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March 29, 2013
Insurance company loses CERCLA case

In a case that should draw the attention of any insurance company that provides an environmental policy, a U.S. appeals court ruled that Chubb Custom Insurance Company could not use CERCLA’s subrogation provision to recover an insurance payment made by Chubb to a client that remediated environmental contamination on a property.

According to the U.S. Court of Appeals for the 9th Circuit, Chubb’s client (the insured) would need to have been a claimant under CERCLA, that is, a person who demands compensation for damages or costs from the Superfund or a liable party resulting from a CERLCA violation.  This was not the case, said the 9th Circuit, because the insured did not make a CERCLA claim and instead received an insurance payment from Chubb.  According to the majority in a 2-to-1 decision, an insurance payment is not included within the meaning of “costs of response.”

$2.4 million insurance payment

The case involves several property purchases made in Palo Alto, California, by Taube-Koret Campus for Jewish Life (Taube Koret).  Soil on the properties was found to be contaminated with volatile organic compounds (VOCs).  The pollution was alleged to have been caused by the defendants, companies that owned and operated facilities on the adjacent land.  These companies included Space Systems/Loral, Inc. (formerly Ford Aerospace & Communications Corporation), Ford Motor Company, Sun Microsystems, Chevron Corporation, and Harman Stevenson Inc. 

Taube Koret remediated the property and obtained a $2.4 million policy payment from Chubb to cover the cost of cleanup. 

The core of Chubb’s complaint is that the defendants should be held jointly and severally liable for Taube-Koret’s response costs.  Initially, Chubb argued in the U.S. district court that three CERCLA provisions allowed Chubb to make a CERCLA claim to recover its payment to Taube-Koret.  The district court rule against Chubb, which then appealed to the 9th Circuit, using two of the three earlier claims.   Specifically, Chubb argued that it was entitled to subrogation claims under CERCLA Sections 107(a) and 112(c)(2).


Subrogation is a common law doctrine based in equity that permits an insurer to take the place of the insured to pursue recovery from a third party responsible for the insured’s loss.  As the party that pays the insured’s loss, the insurer (the subrogee) stands in for the insured (the subrogor), and succeeds to the insured’s rights and remedies.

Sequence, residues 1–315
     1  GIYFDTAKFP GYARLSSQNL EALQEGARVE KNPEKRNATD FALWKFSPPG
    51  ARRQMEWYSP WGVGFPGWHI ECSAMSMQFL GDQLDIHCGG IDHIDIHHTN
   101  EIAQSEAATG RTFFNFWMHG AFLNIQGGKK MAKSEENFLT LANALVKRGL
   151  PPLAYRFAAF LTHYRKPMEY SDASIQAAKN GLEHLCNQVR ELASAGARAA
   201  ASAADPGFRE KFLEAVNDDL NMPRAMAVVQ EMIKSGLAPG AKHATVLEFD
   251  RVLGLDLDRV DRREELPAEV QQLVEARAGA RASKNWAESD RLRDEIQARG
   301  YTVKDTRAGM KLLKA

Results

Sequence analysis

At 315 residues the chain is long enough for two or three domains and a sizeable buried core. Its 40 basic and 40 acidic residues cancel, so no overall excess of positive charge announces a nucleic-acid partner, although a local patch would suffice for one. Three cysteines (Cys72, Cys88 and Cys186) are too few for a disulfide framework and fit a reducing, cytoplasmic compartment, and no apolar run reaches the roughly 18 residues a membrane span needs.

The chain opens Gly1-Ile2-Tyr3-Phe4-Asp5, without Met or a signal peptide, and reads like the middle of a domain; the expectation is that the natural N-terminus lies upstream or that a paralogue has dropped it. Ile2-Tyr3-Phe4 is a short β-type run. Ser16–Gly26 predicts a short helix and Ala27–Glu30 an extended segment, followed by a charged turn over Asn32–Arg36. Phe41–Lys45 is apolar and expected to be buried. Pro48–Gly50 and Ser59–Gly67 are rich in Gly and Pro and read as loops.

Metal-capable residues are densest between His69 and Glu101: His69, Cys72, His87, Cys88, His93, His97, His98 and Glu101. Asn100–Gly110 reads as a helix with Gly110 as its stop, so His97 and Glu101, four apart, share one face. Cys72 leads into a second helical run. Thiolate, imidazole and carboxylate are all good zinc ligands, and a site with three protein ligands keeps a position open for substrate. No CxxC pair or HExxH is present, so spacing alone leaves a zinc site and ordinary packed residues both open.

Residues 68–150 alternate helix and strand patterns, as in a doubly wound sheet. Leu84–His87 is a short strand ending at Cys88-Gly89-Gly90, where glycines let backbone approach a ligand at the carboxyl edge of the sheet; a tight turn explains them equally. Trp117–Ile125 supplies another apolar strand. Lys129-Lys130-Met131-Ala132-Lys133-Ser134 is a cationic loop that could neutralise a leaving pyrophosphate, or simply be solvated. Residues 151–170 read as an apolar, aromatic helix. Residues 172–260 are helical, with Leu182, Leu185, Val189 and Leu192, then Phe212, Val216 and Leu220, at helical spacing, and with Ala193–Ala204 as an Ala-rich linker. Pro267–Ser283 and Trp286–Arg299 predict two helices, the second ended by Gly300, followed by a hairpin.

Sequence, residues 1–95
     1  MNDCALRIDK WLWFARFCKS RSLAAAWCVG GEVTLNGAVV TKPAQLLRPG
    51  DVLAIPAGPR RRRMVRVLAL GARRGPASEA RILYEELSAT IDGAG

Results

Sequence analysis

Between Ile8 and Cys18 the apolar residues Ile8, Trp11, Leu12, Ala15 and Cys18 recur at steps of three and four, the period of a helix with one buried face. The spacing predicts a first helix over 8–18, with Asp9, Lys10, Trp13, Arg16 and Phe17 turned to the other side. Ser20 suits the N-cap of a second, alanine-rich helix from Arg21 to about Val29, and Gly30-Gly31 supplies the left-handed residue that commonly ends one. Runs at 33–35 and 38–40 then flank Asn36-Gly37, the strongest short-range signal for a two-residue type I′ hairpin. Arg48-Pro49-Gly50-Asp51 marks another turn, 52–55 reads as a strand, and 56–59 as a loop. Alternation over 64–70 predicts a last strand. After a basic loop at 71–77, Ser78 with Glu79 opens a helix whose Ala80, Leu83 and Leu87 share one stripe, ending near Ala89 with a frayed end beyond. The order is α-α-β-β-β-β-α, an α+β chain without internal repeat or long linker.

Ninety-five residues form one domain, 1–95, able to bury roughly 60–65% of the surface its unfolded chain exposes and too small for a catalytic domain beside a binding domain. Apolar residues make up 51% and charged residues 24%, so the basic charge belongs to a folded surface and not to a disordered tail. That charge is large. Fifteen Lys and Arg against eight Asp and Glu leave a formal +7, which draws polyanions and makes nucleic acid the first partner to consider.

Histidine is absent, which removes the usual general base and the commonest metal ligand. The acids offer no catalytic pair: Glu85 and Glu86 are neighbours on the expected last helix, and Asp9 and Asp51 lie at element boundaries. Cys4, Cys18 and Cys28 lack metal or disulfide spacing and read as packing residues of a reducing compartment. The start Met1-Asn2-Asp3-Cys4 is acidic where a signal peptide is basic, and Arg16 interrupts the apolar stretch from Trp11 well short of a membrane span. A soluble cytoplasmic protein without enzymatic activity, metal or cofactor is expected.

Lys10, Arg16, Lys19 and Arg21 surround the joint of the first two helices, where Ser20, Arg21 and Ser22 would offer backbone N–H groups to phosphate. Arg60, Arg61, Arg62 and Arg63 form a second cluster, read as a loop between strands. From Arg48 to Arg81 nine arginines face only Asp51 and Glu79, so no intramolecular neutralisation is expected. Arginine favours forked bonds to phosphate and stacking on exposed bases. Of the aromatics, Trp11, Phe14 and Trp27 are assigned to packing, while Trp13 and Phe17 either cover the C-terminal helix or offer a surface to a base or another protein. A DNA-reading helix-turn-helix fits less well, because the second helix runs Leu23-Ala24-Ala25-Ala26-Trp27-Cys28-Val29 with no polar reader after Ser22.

The 9th Circuit notes that an important limit to the right of subrogation is that it is a purely derivative right—meaning that the subrogee succeeds to rights no greater than those of the subrogor.  The district court found and the 9th Circuit affirmed that Taube-Koret was not entitled to claimant status under CERCLA and the recovery rights that go with it because it did not incur response costs of its own in remediating the site; Taube-Koret’s only relevant expenses were the premiums it paid to Chubb for the insurance policy. 

“If Chubb reimbursed Taube-Koret for the response costs, it could then bring a subrogation claim under Section 112(c)(2),” states the majority. “Here, however, Chubb has not alleged that Taube-Koret has made such a demand on Defendants, the Superfund, or any other [potentially responsible party].  Chubb only alleges that Taube-Koret has made an insurance claim to Chubb. There is no indication that Section 112(c)(2) contemplates this meaning of claimant.”

“In essence,” the majority continued, “an insurer that is only obligated to reimburse the insured for cleanup costs does not itself incur response costs.”

No reliance on CERCLA
As an aside, the majority noted that there is no evidence that insurance companies rely on the availability of CERCLA remedies in issuing environmental insurance policies. Nor is there evidence that insurers depend on CERCLA recoveries to stay in business. “An insurer’s business and growth depends on the collection of premiums and the small likelihood of paying claims, rather than recovery through lawsuits,” the majority stated.

Click here for the 9th Circuit’s majority opinion in Chubb v. Space Systems/Loral, Inc. et al.

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